What if the guard happens to be in the gym when a gun nut shoots his way into the shop?
The guard will concentrate its resources on carrying out this limited mission.
When a guard finally arrives on the scene, they break into song and offer him food.
“His overall behavior has been mostly compliant and non-hostile toward the guard force and staff,” it says.
This was not the Army post where soldiers should have been on guard against a coordinated massacre by another soldier.
Prescott was on his guard; he felt that Curtis suspected him.
Without raising his head, he extended the bag to the officer of the guard.
Fifthly;—I had come once already; my opponent was on his guard about me.
Gerda watched for a moment, then strode toward the guard house.
She paused a moment to listen whether her guard were undisturbed.
early 15c., "one who keeps watch," from Middle French garde "guardian, warden, keeper; watching, keeping, custody," from Old French garder "to keep, maintain, preserve, protect" (corresponding to Old North French warder, see gu-), from Frankish *wardon, from Proto-Germanic *wardo- "to guard" (see ward (v.)). Abstract or collective sense of "a keeping, a custody" (as in bodyguard) also is from early 15c. Sword-play and fisticuffs sense is from 1590s. Guard-rail attested from 1860.
1. In functional programming, a Boolean expression attached to a function definition specifying when (for what arguments) that definition is appropriate.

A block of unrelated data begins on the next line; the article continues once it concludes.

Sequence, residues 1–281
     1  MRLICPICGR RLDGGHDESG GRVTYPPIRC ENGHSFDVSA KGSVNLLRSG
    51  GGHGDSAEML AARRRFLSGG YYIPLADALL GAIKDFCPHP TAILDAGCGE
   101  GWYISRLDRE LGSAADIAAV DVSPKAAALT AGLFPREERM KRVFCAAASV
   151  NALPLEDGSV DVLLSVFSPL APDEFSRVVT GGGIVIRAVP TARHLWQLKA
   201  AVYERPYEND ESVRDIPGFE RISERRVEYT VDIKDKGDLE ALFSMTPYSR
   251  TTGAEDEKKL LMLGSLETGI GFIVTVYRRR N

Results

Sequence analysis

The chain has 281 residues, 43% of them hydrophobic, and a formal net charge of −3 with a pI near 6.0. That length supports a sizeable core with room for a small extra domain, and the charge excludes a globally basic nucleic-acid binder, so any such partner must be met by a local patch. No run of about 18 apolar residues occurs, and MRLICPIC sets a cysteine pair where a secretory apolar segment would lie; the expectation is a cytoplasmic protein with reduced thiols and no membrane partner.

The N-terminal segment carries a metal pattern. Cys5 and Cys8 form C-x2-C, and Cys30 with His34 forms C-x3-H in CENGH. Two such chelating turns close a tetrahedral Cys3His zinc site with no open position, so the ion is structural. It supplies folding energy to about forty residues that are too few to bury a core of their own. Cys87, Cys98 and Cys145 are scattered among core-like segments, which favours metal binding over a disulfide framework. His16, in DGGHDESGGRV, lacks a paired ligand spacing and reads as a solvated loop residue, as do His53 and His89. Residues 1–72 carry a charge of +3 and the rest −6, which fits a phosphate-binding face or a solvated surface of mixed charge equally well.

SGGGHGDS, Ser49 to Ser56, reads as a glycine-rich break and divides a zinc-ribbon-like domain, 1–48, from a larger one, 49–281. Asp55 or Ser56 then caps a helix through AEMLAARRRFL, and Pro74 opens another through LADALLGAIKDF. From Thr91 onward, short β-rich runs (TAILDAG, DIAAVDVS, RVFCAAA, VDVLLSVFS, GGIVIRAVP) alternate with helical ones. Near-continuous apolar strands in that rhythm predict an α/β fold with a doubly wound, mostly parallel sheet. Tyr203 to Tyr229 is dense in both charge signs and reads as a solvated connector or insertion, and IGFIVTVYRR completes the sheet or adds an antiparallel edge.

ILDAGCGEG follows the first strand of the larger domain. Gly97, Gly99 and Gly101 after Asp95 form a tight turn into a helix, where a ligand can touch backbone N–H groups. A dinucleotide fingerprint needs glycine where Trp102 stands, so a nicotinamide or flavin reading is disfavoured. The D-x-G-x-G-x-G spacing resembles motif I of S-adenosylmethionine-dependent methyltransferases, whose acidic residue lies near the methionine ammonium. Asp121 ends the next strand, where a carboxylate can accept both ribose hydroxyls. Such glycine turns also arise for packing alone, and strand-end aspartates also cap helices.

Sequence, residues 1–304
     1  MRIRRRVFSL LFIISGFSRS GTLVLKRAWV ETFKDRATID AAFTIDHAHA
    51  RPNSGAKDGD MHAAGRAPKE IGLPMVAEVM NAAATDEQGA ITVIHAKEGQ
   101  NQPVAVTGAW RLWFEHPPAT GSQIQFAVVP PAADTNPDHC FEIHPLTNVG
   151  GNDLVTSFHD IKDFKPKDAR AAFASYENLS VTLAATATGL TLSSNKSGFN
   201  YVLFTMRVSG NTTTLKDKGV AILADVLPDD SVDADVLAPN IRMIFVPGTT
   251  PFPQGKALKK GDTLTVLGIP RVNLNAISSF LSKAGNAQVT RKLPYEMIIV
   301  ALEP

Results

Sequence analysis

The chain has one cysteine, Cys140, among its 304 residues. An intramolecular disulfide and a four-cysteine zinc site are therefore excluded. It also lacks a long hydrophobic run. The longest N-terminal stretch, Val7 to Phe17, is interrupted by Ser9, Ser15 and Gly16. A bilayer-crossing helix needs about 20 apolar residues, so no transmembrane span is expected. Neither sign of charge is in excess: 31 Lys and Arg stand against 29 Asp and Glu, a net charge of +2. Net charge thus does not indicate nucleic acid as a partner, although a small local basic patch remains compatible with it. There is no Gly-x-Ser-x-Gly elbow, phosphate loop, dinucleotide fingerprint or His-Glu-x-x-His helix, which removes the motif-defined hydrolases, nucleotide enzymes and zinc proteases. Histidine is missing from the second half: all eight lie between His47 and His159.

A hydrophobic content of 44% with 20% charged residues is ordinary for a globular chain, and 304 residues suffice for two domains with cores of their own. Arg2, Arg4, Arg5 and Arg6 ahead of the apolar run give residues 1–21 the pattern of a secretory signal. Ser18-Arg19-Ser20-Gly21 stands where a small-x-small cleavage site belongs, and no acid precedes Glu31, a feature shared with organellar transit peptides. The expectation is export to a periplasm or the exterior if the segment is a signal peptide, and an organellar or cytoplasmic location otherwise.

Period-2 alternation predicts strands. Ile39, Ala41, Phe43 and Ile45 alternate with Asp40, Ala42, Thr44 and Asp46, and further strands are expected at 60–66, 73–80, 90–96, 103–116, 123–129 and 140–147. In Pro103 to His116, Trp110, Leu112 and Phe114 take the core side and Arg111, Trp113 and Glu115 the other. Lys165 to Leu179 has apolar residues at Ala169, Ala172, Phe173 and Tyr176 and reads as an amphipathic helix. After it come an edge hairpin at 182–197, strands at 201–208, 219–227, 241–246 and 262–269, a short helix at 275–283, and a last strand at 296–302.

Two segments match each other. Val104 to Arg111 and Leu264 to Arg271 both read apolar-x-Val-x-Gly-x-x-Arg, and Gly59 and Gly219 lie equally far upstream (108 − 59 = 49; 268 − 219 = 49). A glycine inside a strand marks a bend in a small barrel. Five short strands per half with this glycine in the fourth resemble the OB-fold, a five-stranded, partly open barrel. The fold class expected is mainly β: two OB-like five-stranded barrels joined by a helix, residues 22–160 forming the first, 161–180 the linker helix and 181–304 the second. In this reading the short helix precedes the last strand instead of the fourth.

2. In (parallel) logic programming, a Boolean expression which is used to select a clause from several alternative matching clauses.
See Guarded Horn Clauses.
3. In parallel languages, a Boolean expression which specifies when an message may be sent or received.
(1.) Heb. tabbah (properly a "cook," and in a secondary sense "executioner," because this office fell to the lot of the cook in Eastern countries), the bodyguard of the kings of Egypt (Gen. 37:36) and Babylon (2 Kings 25:8; Jer. 40:1; Dan. 2:14). (2.) Heb. rats, properly a "courier," one whose office was to run before the king's chariot (2 Sam. 15:1; 1 Kings 1:5). The couriers were also military guards (1 Sam. 22:17; 2 Kings 10:25). They were probably the same who under David were called Pelethites (1 Kings 14:27; 2 Sam. 15:1). (3.) Heb. mishmereth, one who watches (Neh. 4:22), or a watch-station (7:3; 12:9; Job 7:12). In the New Testament (Mark 6:27) the Authorized Version renders the Greek _spekulator_ by "executioner," earlier English versions by "hangman," the Revised Version by "soldier of his guard." The word properly means a "pikeman" or "halberdier," of whom the bodyguard of kings and princes was composed. In Matt. 27:65, 66; 28:11, the Authorized Version renders the Greek _kustodia_ by "watch," and the Revised Version by "guard," the Roman guard, which consisted of four soldiers, who were relieved every three hours (Acts 12:4). The "captain of the guard" mentioned Acts 28:16 was the commander of the Praetorian troops, whose duty it was to receive and take charge of all prisoners from the provinces.